REVIEW: PATTERN SEEKING ANIMALS – “Pattern Seeking Animals”
Side projects for prog bands are common, to say the least. And yet, they usually still manage to create a buzz, and more often than not are well worth exploring. Such is the case with Pattern Seeking Animals, comprised of members and ex-members of Spock’s Beard. Consisting of Ted Leonard (lead vocals/guitar), Jimmy Keegan (drums/vocals), Dave Meros (bass), and longtime Spock’s collaborator/songwriter/producer John Boegehold (keys), who formed the group and is the primary songwriter as well. The self-titled album is set to drop in early July.
Given the lineup and main writer it will come as no surprise that the album has a strong Spock’s Beard sound and flavor to it, and a healthy dose of Enchant as well. But that is not to say it’s a rehash of sounds and songs that they’d already done. The music is a bit more straightforward and has a slightly poppier sound. Another noticeable difference is the guitar sound and style. Lenoard is well known for his vocal skills, but much less so for his guitar playing. This is really a shame as he quickly proves to be a very skilled guitarist and has a tone all his own; it would be cool to see him pick up some more guitar duties with Spock’s.
Things start off with “No Burden Left to Carry” which has also been released as a single. The track is the classic modern prog that the members’ main band is known for, albeit with a very different key tone. Boegehold has a different style of playing and flair that fans are familiar with when these guys are playing with Spock’s, but that shouldn’t be surprising. The song is very melodic; indeed writing ear-catching hooks was one of Boegehold’s main goals in the writing process. A little after the 5-minute mark the music gets a bit heavier and picks up speed considerably, and Leonard gets to show off some of his guitar skills. It was well chosen as an opening track and a good representation of what the band has to offer.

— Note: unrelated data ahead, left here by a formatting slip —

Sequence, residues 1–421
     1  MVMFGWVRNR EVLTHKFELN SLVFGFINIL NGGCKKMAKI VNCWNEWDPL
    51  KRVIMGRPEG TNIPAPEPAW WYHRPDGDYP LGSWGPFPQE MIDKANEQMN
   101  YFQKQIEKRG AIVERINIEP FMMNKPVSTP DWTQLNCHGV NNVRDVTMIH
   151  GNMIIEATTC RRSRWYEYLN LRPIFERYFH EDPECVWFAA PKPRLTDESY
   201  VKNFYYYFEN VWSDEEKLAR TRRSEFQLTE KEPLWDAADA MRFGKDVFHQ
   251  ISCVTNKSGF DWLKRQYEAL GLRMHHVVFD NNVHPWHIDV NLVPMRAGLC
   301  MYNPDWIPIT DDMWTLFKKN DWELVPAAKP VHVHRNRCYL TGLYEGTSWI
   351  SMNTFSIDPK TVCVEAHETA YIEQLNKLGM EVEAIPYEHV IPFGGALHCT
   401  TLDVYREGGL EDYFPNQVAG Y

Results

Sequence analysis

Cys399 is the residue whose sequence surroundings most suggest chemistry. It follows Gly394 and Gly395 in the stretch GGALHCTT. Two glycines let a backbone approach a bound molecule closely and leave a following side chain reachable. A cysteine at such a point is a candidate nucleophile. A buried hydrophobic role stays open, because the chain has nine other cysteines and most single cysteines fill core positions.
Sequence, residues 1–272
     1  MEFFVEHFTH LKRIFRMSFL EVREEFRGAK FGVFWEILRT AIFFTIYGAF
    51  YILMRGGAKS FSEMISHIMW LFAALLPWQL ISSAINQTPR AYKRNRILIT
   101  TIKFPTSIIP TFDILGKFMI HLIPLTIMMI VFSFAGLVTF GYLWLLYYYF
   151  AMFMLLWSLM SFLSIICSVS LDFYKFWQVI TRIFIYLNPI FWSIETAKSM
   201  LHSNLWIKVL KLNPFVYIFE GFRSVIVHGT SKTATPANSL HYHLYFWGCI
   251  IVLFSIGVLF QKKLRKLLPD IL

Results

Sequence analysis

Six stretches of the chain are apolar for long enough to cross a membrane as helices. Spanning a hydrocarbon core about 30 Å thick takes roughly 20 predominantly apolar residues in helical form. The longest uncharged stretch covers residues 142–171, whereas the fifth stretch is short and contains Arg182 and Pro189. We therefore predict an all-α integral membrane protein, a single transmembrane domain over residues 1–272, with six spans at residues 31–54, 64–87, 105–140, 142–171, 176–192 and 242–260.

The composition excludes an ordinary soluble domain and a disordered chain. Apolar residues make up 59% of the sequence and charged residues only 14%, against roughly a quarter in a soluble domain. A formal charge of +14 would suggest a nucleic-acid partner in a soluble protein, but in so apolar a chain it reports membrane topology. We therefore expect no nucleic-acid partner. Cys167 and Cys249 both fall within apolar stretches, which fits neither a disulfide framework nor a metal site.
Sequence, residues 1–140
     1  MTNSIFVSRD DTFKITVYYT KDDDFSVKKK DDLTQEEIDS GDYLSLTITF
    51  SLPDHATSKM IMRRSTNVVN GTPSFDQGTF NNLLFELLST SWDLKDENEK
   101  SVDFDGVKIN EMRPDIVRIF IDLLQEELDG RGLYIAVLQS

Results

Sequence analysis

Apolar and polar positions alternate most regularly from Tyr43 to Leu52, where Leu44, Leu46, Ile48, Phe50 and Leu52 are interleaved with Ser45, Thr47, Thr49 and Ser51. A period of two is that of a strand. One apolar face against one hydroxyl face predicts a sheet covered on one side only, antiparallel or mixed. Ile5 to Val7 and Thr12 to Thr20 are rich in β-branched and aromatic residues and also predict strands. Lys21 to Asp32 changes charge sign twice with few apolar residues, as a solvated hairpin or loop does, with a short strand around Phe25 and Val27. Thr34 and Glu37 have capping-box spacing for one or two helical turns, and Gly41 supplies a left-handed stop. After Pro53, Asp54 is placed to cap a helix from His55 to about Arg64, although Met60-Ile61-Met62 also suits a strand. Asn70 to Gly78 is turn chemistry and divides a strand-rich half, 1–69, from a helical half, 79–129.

Things get softer with the ballad “The Same Mistakes Again,” which is a classic post break up type song about moving forward. It’s slow but has an incredibly memorable chorus with the nice vocal interplay between Leonard and Keegan. The heavier prog picks up again with the 10-minute “Orphans of the Universe” which is both catchy in its melody and morphs into some of the heavier, darker prog territories; a little something for everyone.
Things get a bit more playful with “These Are My Things,” which pokes gentle fun at collectors of innumerable knick-knacks until they become an all-consuming obsession and a “museum of me.” It’s a rather memorable track. The album is finished with another mini-epic, and my favorite from the album, “Stars Along the Way.” Beginning with pulsing bass and manipulated electronic sounds before it begins in full, it deals with loss and the pain of life as we strive for answers and some semblance of peace. The music builds in tension and power as it grows close to the 5-minute mark, before erupting into a full-blown prog instrumental section where the boys can really open up and show off their chops. Still, what makes this track so memorable and emotional is the vocal performance by Leonard. He utilizes his full range and brings a weight and gravity to the whole affair. It’s probably my favorite thing that he’s done.
Pattern Seeking Animals have with this, their eponymous debut, crafted a highly enjoyable example of modern progressive rock. Although it is similar to their music with Spock’s Beard, it is still very much its own entity and one that allows its members to show sides of themselves that are often pushed into the background. Fan’s of Spock’s or Enchant will find a lot to enjoy here, as should fans of modern prog in general.